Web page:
John E. Kelly, a Fallston lawyer with 24 years' experience as a prosecutor, government attorney and civil litigator, has been named the fifth Circuit judge for Harford County.
Mr. Kelly, 50, "was clearly the universal choice of all the various legal constituencies we spoke with in Harford County," Gov. Parris N. Glendening said in announcing the appointment Friday. He was chosen from 23 applicants.
"I believe a judge should treat everyone with respect," Mr. Kelly said. "I have the right temperament to be a judge. I'm willing to listen."
Mr. Kelly, president-elect of the Harford County Bar Foundation, has helped provide free legal services to hundreds of poor people in Harford.
Lawyers associated with the foundation offered $200,000 worth of free legal advice to 450 people last year, Mr. Kelly said.
The foundation is a community outreach arm of the Harford County Bar Association. Mr. Kelly also served a one-year term as president of the association four years ago.
Mr. Kelly said his varied experiences in criminal and civil law have given him a "perspective on things."
In his private practice, he has tried a variety of cases, including those involving personal injuries, product liability and domestic disputes. "You name the kind of case and I've tried it," he said
Mr. Kelly grew up in Towson and attended Loyola High School and Loyola College. His late father, Charles B. Kelly, was also an attorney and served as legal adviser to the Maryland Insurance Commission.
After graduating from the University of Maryland School of Law in 1970, Mr. Kelly served four years as an assistant state's attorney in Harford. He also served five years as county attorney in Harford, the chief legal adviser to the county executive.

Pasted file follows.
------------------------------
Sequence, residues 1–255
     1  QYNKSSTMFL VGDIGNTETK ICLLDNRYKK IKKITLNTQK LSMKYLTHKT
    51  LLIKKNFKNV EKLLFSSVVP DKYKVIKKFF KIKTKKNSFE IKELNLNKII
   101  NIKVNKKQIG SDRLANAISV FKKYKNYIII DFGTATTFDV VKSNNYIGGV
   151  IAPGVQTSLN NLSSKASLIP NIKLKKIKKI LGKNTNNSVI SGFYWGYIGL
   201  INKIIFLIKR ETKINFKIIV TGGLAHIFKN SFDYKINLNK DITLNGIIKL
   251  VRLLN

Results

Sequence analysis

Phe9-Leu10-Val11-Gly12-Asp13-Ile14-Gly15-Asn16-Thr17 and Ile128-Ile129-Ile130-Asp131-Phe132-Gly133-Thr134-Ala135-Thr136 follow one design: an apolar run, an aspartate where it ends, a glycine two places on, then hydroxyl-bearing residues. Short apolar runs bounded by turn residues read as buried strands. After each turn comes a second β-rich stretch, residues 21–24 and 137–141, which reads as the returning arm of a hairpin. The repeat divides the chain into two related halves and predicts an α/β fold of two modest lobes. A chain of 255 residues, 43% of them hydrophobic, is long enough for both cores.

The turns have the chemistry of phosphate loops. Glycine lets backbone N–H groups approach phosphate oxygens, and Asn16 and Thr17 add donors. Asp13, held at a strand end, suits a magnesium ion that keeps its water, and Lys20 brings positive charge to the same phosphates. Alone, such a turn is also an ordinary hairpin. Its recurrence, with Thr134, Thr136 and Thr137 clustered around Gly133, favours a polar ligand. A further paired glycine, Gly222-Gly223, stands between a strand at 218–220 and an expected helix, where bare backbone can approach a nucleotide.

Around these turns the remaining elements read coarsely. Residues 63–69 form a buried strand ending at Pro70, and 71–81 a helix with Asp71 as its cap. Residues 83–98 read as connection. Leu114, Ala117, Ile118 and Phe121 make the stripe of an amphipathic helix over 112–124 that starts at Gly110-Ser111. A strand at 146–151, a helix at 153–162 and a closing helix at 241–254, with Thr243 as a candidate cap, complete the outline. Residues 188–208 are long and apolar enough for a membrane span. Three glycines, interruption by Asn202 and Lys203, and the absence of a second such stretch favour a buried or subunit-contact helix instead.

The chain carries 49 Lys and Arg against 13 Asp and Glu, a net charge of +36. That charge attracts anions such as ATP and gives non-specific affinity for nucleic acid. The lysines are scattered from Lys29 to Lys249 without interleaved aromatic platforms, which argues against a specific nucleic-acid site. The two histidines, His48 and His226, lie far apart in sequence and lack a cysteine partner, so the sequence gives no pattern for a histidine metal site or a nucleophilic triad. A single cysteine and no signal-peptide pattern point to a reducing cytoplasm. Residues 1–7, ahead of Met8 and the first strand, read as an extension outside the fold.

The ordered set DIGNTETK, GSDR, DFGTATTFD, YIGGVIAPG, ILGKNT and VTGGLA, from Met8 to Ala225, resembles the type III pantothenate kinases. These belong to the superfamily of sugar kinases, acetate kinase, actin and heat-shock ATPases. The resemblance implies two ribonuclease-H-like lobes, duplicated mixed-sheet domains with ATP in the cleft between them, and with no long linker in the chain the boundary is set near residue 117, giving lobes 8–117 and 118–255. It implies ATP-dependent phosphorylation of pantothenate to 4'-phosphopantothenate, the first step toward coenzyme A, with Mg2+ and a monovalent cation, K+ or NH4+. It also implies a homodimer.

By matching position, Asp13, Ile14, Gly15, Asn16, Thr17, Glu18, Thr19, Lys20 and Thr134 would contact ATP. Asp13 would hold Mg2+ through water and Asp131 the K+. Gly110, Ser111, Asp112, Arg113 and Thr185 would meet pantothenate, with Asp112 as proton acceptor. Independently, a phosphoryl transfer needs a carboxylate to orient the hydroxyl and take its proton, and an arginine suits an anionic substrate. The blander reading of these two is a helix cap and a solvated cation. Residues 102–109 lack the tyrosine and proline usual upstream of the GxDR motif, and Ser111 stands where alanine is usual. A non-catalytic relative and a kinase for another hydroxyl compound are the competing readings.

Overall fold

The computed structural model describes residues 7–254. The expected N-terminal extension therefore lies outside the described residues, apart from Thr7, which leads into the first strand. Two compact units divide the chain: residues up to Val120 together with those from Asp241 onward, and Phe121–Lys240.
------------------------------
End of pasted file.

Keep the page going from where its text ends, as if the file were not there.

The government positions were part time, so he maintained his private law practice. Before starting his own practice in 1985, he was with the now-defunct firm of Hatem, Kelly, Baldwin and Marshall.
Mr. Kelly's wife, Marby, is a Realtor in Harford. They have two sons.
The increasing caseload in Harford courts has made a fifth Circuit judge necessary. That caseload also has made the job more demanding.
"It is a much more pressurized situation than it was 10 years ago," Mr. Kelly said.
Mr. Kelly, whose position is up for election in November 1996, will be paid $93,534 annually. He will begin serving his judgeship in about a month.
The Circuit Court and the Harford County Council, which share space in the Bel Air courthouse, have been squabbling lately about where to put a fifth judge's courtroom. The council has refused to vacate its offices, meaning the five judges will have to share four courtrooms.
Mr. Kelly is among the first appointments resulting from the governor's recently named Trial Court Judicial Nominating Commissions.
In naming new commission members last month, the governor said he wanted to reform the process of selecting judges.
In particular, Mr. Glendening said he wanted to increase the number of women and minorities participating in the selection process.